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MERCOSUR–India Agreement Re-Examined

By Federico Mazzella ,
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In Geneva, the parties re-examined an agreement relating to trade in goods, with a view to expanding it to cover a larger share of trade.

Members of the World Trade Organization (WTO) raised questions about the MERCOSUR–India agreement relating to the limited coverage of this, whether more members would be included in the deal, the implementation of measures for food safety and animal and plant health, and the timeframe for notifications between parties.

India’s representative said that the parties to the agreement have agreed on the need to “substantially increase” the number of tariff lines so that it covers a “sizeable portion” of bilateral trade.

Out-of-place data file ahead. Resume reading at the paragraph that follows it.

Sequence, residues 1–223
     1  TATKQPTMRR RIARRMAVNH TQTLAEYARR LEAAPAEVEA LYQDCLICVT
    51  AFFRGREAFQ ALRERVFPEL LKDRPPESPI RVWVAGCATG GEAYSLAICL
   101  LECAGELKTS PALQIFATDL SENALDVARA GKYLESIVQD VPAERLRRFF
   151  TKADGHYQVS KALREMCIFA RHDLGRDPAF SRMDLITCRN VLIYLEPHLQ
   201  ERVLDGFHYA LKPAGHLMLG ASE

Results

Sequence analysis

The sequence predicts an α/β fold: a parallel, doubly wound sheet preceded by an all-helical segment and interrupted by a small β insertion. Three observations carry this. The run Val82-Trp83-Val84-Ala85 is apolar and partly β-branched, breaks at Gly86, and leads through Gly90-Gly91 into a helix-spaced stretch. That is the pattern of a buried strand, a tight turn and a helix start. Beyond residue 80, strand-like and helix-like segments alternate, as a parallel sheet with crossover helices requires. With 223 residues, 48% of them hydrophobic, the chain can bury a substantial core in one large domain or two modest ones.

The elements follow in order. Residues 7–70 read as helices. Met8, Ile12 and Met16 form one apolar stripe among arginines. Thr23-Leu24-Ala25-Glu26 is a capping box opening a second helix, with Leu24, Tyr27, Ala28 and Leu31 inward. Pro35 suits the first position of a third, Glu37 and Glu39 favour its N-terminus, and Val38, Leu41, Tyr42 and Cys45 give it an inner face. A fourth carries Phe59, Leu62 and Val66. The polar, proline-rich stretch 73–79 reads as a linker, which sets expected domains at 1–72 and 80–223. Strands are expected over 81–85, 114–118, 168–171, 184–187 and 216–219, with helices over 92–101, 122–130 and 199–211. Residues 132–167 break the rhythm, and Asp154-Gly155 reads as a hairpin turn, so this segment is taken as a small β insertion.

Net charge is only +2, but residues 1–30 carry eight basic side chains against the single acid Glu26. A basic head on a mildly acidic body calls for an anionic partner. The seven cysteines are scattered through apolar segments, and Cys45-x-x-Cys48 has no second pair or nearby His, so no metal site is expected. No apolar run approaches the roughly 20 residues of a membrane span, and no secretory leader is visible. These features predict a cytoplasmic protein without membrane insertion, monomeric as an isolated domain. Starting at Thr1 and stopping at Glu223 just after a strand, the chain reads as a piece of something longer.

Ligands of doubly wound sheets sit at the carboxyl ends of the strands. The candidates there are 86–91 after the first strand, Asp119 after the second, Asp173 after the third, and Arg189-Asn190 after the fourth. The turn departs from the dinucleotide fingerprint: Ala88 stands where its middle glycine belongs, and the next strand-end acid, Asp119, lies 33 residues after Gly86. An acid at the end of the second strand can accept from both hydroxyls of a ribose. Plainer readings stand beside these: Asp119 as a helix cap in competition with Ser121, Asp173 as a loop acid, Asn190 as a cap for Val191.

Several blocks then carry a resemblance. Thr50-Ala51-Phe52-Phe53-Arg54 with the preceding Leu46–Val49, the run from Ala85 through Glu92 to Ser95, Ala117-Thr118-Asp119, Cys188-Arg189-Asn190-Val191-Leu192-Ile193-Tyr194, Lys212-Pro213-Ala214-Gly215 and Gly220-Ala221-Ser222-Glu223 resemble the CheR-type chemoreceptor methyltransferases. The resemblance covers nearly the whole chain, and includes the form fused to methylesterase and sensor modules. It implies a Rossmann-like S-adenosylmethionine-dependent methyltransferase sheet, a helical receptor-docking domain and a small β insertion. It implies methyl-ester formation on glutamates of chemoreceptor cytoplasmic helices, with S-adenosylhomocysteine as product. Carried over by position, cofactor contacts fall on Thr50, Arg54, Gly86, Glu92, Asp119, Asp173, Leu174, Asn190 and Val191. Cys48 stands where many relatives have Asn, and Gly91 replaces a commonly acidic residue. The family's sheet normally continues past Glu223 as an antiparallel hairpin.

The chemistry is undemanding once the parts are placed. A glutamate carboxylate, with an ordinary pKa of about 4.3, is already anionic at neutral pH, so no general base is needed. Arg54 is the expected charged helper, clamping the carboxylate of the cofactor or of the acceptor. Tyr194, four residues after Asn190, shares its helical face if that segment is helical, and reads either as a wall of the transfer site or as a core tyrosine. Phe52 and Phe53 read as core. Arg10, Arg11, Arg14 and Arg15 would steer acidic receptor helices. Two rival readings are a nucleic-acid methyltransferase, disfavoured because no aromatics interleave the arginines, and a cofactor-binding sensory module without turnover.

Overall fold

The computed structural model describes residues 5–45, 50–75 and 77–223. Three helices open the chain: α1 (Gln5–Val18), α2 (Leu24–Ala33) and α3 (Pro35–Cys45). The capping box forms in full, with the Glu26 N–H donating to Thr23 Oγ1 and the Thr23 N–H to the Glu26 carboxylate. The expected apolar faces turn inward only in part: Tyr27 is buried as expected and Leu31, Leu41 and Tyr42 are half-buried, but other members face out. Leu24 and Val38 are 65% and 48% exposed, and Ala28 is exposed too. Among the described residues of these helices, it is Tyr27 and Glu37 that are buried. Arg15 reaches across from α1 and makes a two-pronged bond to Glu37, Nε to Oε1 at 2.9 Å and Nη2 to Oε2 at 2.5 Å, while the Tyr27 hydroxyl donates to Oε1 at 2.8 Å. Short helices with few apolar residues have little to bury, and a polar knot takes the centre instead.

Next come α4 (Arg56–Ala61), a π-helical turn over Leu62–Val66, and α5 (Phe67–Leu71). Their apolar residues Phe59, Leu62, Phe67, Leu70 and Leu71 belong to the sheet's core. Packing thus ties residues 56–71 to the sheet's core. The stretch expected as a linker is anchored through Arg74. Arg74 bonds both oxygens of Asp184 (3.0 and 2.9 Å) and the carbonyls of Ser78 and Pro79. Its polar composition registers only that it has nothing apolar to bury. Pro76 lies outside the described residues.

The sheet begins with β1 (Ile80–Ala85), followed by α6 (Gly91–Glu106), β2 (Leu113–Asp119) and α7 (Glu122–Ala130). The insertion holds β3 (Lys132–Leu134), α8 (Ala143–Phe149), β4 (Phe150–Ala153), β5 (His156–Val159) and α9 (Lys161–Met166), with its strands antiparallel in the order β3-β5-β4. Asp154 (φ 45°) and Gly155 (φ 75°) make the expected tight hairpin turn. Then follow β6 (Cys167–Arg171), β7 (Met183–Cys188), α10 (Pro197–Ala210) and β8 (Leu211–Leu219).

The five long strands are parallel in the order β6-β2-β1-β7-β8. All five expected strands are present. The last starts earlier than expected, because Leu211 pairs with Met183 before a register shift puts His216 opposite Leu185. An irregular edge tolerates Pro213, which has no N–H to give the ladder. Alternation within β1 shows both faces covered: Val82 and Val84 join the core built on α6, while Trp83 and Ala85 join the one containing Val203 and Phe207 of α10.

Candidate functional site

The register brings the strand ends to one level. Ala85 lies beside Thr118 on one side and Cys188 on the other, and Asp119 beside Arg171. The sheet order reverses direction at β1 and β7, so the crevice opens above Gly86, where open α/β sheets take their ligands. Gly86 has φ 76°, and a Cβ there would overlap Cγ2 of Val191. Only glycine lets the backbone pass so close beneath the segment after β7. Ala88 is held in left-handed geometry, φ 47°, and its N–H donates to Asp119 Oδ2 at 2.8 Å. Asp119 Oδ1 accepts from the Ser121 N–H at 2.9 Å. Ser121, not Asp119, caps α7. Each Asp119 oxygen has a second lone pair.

The agreement, which entered into force in 2009, covers over 450 tariff lines for each party and is currently described as the first step towards the creation of a free trade area among Argentina, Brazil, Paraguay, Uruguay, and India. Venezuela, a MERCOSUR member, is not a party to the agreement.

In addition, the committee also heard updates on several development-related initiatives. The Least Developed Countries (LDC) Group, for instance, announced that they will be submitting a proposal on what could be covered by a study on the possible impact of full duty-free quota-free implementation.

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